By LA Weekly
By Henry Rollins
By Weekly Photographers
By Shea Serrano
By Nate "Igor" Smith
By Dan Weiss
By Erica E. Phillips
By Kai Flanders
The Eric von Essen you never knew
When somebody dies too young, the way Eric von Essen did in 1997 at the age of 43, you always wonder what he could have accomplished if he‘d lived. In von Essen’s case, few had any idea of what he‘d already accomplished.
On the Los Angeles scene and jetmaps beyond, select musicians and listeners knew he was a borderless, unsurpassably nimble bassist; some knew he had composed many multipathed works for the rarefied improvising chamber group Quartet Music, of which he was the unofficial music director until its 1990 breakup. Only his friends had watched him shift easily to piano and cello and chromatic harmonica and anything else he found lying around, or had a clue that in the last years of his life he was writing music capable of bringing new moisture to the shriveled house plant that mainstream jazz had become.
One such friend was violinist Jeff Gauthier, one-quarter of the Quartet Music tetrahedron that also included guitarist Nels Cline and Nels’ twin, drummer Alex Cline. After Gauthier started talking to the Clines and others about von Essen‘s music, especially about the scores Eric a had collected with uncharacteristic neatness into a notebook with Krazy Kat on the cover, he couldn’t imagine a world that could slog onward in ignorance. The quest to turn up the lamplight was the prime motivation for Gauthier last year when he started his own label, Cryptogramophone (www.cryptogramophone.com), designed to document a highly skilled segment of the improvised-music world with audiophile studio values and stylish packaging. A substantial hunk of the label‘s early catalog would be devoted to not one, not two, but three discs packed with von Essen tunes played by people who missed him.
Three CDs dedicated to a nearly unknown quantity? An outsider might be tempted to examine Gauthier’s cranium for excess apertures. The musicians, though, didn‘t blink -- there was enough first-rate material, no question. The more difficult concern was what and who would have to be left out.
”We chose different groups to reflect Eric’s different styles,“ says Gauthier. ”The musicians superimposed their interpretations to a certain extent, but Eric‘s intent came through very strongly.“
Judging from the just-released The Music of Eric von Essen Volume 1, the first in the series, the man’s intent was ambitious: to avoid hyperintellectuality, self-indulgence, weirdness -- the qualities that for 40 years have separated most jazz (even the best and truest) from the realm of ”popular music.“ He wanted to remodel the tradition as a vehicle for sophisticated but democratic communication. He wanted to tell his stories.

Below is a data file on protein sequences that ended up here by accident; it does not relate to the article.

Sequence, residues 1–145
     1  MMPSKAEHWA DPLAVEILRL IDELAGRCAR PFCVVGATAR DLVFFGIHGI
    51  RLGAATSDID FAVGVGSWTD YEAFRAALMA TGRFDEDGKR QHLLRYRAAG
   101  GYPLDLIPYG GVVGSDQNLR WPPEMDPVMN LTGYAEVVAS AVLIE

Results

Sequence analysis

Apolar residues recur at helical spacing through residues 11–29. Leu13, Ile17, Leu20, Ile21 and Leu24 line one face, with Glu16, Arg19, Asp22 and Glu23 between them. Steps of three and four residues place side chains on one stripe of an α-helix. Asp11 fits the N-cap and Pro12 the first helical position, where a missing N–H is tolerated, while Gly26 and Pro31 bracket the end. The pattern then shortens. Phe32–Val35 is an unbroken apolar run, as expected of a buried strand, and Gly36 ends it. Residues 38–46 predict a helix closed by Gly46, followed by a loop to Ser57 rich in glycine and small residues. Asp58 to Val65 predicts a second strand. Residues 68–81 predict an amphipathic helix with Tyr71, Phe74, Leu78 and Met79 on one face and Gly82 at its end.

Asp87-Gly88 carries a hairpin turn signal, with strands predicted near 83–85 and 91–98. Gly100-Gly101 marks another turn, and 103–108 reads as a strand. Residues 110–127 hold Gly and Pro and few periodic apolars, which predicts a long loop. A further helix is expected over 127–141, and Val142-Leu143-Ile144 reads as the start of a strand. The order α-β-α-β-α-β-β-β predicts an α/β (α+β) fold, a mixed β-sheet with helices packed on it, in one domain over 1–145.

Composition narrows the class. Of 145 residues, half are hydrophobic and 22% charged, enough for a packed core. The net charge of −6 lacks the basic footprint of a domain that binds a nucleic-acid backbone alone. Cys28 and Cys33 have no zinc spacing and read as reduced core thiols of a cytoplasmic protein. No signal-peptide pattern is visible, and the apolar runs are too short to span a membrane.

The opening ”Silvana,“ with its simple, reflective theme, partially realizes von Essen‘s longtime desire to collaborate with drummer Peter Erskine, whose snowy ticking gently urges on Dave Carpenter to carve out some ebony bass and Alan Pasqua to lilt and uplift lace curtains of piano. Stacy Rowles’ trumpet and Larry a73 Koonse‘s guitar hush the air over ”Love Song for Kirsi,“ which seems to come and go in a moment of pure humility as pianist Tom Garvin lays out a new white tablecloth. ”Nowhere“ is the kind of quietly bold romantic ballad, like a ’40s movie theme but more delicate, that‘s made for the touch Alan Broadbent brings to the ivories.
There’s more physical stuff, too: a couple of thought-provoking not-really-blues (”Blues for Carin‘“ and ”Blues Puzzle“), a tribute to the brilliant harmonic sense of Benny Golson (”Benny“), and ”Peacemaker,“ a bouncing-off-the-walls Alex Cline--booted rumba with guitarist Nels Cline flittering around the edges of control and David Witham’s piano exploiting the harmonic implications of Joel Hamilton‘s flexible bass. The weightiest emotional package arrives courtesy of the Quartet-Music-minus-Eric (and plus Michael Elizondo) rumination ”Departure“: An end-of-phrase guitar note winds up a half-step lower than you expect; one chord resolves in unexpected resignation while another is ”suspended“ in both senses; sometimes an essential element just seems to drop out. Yeah.
It’s fresh. You‘ll notice right away, while appreciating how easy it is to hear, that you haven’t heard anything much like it. Simple melodies are supported by shifting substructures. Genres are harmonically ungenred. And mainly, ways are found of expressing feelings without thinking about anything except how notes and rhythms will serve those feelings. Composer and musicians have to know a lot about music to do that.
Von Essen‘s mother was a classical dancer from India; he spent years in Bombay absorbing his licks from the Eastern perspective. While studying composition at UCLA in 1977, he met Nels Cline; their duo performances, which began with a few von Essen themes inspired by Keith a Jarrett, Wayne Shorter and Ralph Towner, eventually expanded into Quartet Music. Though von Essen hailed from a younger generation, he also gained the respect of many bop-era musicians, who often called on him for gigs and recording sessions. When talking about him, players tend to use the word genius. So if he was that good, why isn’t he famous?
”He was the kind of person who was so sensitive that it was difficult for him to cope with the harsh realities of life,“ says Alex Cline. ”He frequently had a kind of hard, off-putting demeanor, very critical and uncompromising. People got to know what his problems were, and didn‘t want to deal with him. He wasn’t good at promoting himself. He wanted to get there on merit, not make compromises on his personality or identity. He didn‘t become a bandleader. He was unwilling to play the game.“